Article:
Later studies expanded on these findings, using radioligand binding assays in addition to functional assays. Blocking the N-terminus of the tetrapeptide with t-Boc, Aloc, or acylation increased binding affinity and biological activity in one study . Substitution of Trp14 with Ala caused a 1000-fold decrease in binding affinity, as well as a 36% loss of acid secretion [224–225], and removing of the aromatic ring or formylating the indolyl nitrogen also severely decreased binding and biological activity [226–227]. Substitution of Met15 with Ala causes a 100-fold loss in affinity and a 32% loss of acid secretion [224–225], but as aforementioned, it can be replaced with Leu or Nle with no loss of binding or biological activity. Substitution of Asp16 with Ala completely destroyed the peptide’s ability to bind and activate CCK2-R, confirming Morley’s earlier work [224–225]. Finally, substitution of Phe17 with Ala causes a 104-105-fold decrease in affinity [169, 224].
Some groups have also suggested that the binding of metal ions plays an important role in enabling/disabling G17 and G17-Gly activity. Baldwin and colleagues showed that Fe3+ ions bind to both Glu7 and Glu8-Glu9 of the pentaglutamyl sequence. An Ala substitution at position 7 lead to the inability of G17-Gly to stimulate proliferation or migration in IMGE-5 cells in vitro, and the iron chelator desferrioxamine blocks the activity of G17-Gly . Another group showed that C-terminal gastrin fragments bind to calcium ions in TFE, and that these ions can affect the conformation of the peptide .
While it has been established that gastrin is a factor in the development and growth of gastric cancers, there is less consensus about the effect of the peptide on colorectal carcinomas. Exogenous gastrin appears to promote the in vitro growth of some human and rat colorectal cancers, as well as the growth of transplanted mouse and rat tumors in nude mice [115, 230–241, reviewed in 48]. Additionally, exogenous gastrin promotes the growth of some colorectal cancer cell lines, and this growth can be inhibited by gastrin antagonists . Moreover, hypergastrinemia has been considered a risk factor for colorectal carcinoma [243–245]. However, in recent years, investigators have failed to demonstrate that gastrin plays a role in promoting colorectal carcinoma growth. Removal of the gastric fundus, inducing hypergastrinemia, did not result in greater tumor incidence, nor did treatment of transgenic mice, overexpressing gastrin, with the carcinogen azoxymethane produce increased incidence of tumors [246–248]. Other studies failed to show that hypergastrinemia stimulated the growth of the colonic mucosa [249–251]. Finally, the use of the gastrin receptor antagonist CR2945 to block CCK2-R over a period of 52 weeks did not reduce tumor numbers in the colonic mucosa [252–253]. Overall, the studies seem to suggest that, while hypergastrinemic antral mucosa may promote gastric carcinomas, if colorectal carcinomas are stimulated by gastrin or gastrin processing intermediates these would have to be local autocrine or paracrine products [251, 254–255].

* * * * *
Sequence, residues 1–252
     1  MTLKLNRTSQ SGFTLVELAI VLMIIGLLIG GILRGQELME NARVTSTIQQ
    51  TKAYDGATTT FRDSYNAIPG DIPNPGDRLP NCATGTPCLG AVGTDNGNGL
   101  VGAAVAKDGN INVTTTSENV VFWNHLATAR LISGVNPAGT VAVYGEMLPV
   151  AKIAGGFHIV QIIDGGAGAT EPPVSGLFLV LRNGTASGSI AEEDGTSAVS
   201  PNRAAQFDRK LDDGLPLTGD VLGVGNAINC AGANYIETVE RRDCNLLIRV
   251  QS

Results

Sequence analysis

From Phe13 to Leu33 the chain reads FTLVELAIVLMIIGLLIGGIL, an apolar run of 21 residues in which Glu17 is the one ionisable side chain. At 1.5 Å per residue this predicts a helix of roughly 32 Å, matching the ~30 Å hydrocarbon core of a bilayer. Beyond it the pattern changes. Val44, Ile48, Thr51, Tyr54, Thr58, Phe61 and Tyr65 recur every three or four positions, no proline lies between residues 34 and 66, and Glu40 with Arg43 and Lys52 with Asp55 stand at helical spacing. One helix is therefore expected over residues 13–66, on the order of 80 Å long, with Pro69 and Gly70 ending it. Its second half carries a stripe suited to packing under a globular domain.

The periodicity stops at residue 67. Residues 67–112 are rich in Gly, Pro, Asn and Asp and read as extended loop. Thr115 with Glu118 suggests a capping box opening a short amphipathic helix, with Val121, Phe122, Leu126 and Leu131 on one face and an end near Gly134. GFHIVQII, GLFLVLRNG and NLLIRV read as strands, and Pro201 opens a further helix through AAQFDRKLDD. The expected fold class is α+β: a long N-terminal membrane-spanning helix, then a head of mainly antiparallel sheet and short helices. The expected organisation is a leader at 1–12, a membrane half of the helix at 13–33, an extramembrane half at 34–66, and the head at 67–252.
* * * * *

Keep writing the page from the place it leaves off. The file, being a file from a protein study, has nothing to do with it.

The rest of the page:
Some colorectal cancers were initially thought to synthesize gastrin and to express gastrin receptors . However, receptor autoradiography indicated that CCK2-R was expressed in no more than 4% of colorectal carcinomas, while PCR showed CCK2-R mRNA to be present in only 38% of colorectal carcinomas [256–257]. Equally important was the finding that while gastrin gene product is expressed in the human adult colon [6, 235, 258–262], progastrin is typically not processed to the mature, amidated peptide in colorectal cancers or in the normal colon [6, 260–262]. These revelations, combined with the likelihood that gastrin does not act as an endocrine growth factor through hypersecretion of gastrin elsewhere in the GI tract, strongly suggest that gastrin does not stimulate the colonic mucosa or colorectal cancers either locally or in circulation and that CCK2-R largely does not mediate these effects [reviewed in 124, 255]. Instead, because of the incomplete processing of the gastrin gene product, progastrin and G17-Gly processing intermediates persist in the human adult colon. Resection of colon cancer in one study reduced circulating levels of gastrin precursors, while leaving the levels of circulating mature gastrins unaffected , reflecting the production of precursors but not mature gastrin peptides in the colon. Precursors are found in high concentrations in colorectal tumors and in the blood of colorectal cancer patients [260–262, 264, reviewed in 265].
Speculation naturally followed that the incompletely processed peptides might somehow play a role in the stimulation of tumor growth. In fact, gastrin precursors have been shown to stimulate proliferation of colonic mucosa in vitro and in vivo. Gastrin-deficient mice treated with G17-Gly or progastrin had an increase in proliferation of colonic epithelial cells where as mature gastrin had no effect [266–267]. Treatment with G17-Gly also increased aberrant crypt foci and the sensitivity of cells to azoxymethane . Transgenic mice overexpressing progastrin or G17-Gly had increased epithelial cell proliferation and colonic cell hyperplasia, and those mice overexpressing progastrin treated further with a carcinogen had increased predisposition to neoplasia or adenocarcinoma [248, 266, 269–270]. Additionally, some groups have shown that gastrin precursors stimulate proliferation of cells that do not express CCK receptors [271–275]. However, there is still some controversy regarding the effect of precursors. Some groups have not found evidence of precursors as growth factors , while another group suggests that the precursors merely potentiate the effect of mature gastrin [277–279].